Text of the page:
In a way, being busy makes me cope up with a life inside a metaphorical cave. I feel that living in a staff house on weekends is just someone who is thrown in an island. What's more, apart from the fact that I have no one to talk to, except on chatting with my family which happens on Sunday night, I don't have a car to use at the moment; the company car is "rosak" or in Filipino, "sira." So as much as I want to go out to buy some grocery or simply go "Jalan Jalan" or Lamierda, I just can't. On a bright side, I am able to pay a Filipino guy named Kuya Joe, who has been servicing a vehicle-deprived person like me, to bring me to places such as in the mall to do my grocery and in the church on Sundays. From the staff house to Gadong or to the church, it costs me BND3.00 or 90 pesos. I suppose it's really cheap compared to the legal taxi who may charge you with BND20.00 in one go.

As I was reflecting on living alone, the deprivation of transportation and the colossal work to finish in my MA thesis, I wandered back on the day that I made a wish in the Philippines. On the birthday of my youngest brother last 7 July, my family and I celebrated a special day at the Shrine of Our Lady of Manaoag. Known for it's miraculous and wish-granting imagery, the Our Lady of Manaoag has uplifted a flickering hope upon us.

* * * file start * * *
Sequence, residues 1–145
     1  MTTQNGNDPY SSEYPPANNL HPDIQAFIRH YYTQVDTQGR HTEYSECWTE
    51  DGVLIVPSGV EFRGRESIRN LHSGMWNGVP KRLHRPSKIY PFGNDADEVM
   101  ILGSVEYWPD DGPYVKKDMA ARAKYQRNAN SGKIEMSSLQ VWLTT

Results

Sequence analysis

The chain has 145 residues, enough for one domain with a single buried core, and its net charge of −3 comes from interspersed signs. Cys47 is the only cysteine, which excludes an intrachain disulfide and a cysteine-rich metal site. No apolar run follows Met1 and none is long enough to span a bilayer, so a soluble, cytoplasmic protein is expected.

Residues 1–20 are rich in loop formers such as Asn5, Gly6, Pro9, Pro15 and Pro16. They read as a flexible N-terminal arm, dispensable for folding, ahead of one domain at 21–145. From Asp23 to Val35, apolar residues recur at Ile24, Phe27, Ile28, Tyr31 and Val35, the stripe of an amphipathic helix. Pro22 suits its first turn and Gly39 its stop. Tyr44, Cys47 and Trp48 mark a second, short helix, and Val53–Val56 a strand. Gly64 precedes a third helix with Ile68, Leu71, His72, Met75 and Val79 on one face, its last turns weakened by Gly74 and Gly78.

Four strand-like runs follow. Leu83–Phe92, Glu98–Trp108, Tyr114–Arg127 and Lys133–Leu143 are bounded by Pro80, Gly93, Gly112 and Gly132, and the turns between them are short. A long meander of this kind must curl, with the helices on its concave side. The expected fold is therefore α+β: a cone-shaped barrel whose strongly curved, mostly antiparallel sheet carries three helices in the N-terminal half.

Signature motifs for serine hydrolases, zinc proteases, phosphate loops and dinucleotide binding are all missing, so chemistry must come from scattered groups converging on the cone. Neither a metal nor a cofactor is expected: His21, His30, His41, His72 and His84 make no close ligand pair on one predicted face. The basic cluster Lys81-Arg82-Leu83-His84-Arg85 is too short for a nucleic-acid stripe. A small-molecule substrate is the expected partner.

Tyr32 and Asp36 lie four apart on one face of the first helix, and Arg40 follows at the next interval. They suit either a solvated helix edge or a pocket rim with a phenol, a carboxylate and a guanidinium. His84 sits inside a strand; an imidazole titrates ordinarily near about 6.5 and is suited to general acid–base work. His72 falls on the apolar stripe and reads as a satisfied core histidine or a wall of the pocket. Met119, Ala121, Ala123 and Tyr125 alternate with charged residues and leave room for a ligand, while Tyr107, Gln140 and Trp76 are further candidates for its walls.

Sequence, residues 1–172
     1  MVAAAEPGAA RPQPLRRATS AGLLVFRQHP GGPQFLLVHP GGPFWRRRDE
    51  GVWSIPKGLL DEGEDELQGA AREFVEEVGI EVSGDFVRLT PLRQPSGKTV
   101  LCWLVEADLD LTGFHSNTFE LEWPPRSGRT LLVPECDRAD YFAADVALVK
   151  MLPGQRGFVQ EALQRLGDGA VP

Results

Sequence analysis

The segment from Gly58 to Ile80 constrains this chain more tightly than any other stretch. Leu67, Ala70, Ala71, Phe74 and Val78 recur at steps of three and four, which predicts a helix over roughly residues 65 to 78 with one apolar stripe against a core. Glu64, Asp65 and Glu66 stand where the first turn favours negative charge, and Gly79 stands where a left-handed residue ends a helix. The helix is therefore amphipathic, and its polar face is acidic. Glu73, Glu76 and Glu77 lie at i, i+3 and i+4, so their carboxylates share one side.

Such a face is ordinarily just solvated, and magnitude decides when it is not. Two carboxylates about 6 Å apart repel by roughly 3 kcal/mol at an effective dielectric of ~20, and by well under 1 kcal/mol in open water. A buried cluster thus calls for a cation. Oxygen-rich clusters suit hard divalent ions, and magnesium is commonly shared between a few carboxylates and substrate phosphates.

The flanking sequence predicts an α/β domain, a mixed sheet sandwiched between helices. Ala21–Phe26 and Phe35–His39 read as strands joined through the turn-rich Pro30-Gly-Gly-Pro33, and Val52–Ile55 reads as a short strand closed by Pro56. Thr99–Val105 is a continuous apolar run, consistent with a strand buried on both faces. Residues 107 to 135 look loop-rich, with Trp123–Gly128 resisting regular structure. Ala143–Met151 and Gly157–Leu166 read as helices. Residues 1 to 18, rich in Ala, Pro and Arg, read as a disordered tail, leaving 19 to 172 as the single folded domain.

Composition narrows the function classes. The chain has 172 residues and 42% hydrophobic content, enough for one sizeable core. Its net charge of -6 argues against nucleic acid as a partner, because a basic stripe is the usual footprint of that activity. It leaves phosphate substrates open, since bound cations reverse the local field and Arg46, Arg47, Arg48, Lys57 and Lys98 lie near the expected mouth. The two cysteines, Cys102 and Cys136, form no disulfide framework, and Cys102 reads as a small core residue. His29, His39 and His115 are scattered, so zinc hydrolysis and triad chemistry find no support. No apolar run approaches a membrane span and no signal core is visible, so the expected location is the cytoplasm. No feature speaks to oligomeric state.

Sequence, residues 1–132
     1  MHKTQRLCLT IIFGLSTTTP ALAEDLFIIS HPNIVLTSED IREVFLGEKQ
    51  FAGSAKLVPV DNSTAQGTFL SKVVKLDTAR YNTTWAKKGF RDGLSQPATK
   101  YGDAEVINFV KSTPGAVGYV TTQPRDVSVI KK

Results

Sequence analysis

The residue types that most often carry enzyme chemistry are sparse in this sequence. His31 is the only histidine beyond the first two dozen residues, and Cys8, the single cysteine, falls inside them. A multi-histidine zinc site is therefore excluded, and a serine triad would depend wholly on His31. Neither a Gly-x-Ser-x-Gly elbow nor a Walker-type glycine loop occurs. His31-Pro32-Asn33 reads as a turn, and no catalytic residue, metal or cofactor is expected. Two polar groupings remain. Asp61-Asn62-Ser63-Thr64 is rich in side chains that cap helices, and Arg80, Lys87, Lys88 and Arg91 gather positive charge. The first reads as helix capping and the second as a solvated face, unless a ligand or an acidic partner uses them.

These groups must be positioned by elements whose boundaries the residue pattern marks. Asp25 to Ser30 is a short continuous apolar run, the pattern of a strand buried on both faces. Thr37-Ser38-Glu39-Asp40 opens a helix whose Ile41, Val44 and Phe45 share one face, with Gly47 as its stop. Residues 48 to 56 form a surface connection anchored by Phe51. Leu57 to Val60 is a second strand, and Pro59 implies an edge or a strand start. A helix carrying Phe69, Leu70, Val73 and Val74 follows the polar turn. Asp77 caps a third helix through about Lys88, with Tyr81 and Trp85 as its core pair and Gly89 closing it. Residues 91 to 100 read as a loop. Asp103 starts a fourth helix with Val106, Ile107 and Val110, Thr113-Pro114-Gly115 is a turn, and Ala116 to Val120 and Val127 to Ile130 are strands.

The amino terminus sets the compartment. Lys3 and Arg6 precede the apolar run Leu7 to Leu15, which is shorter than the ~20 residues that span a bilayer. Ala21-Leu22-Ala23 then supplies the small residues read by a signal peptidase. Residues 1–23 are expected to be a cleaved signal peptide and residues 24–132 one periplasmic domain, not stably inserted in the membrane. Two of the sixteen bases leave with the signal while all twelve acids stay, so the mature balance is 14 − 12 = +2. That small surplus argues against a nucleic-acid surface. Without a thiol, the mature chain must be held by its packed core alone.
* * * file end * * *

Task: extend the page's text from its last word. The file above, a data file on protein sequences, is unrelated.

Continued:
Guess what's my wish on that day? Read on.

Tuesday, August 2, 2011


When I had my vacation-cum-research leave last July in the Philippines, I bought a very interesting piece at UP Diliman Shopping Centre. Placed on a shelf, together with all knick knacks, I found the slumbook entitled " The akala mo lang wala nang Slumbook pero meron,meron, meron!" With a captivating title, I immediately asked the girl in the counter about the price. Soon, I was already leafing through the pages of the quirky item, which is priced at 300 pesos.

Truth is, I already knew about the slumbook since last year. I've seen it in a blog by Yoshke, which I visit whenever I'm free. Unfortunately, when I searched for it last year in the Philippines, I couldn't find one. It was only this year, with a pocket of fortune and serendipity, that I am able to find and own a copy.

Wanna know more about "The akala mo lang wala nang slumbook, pero, meron, meron, meron?" Read on!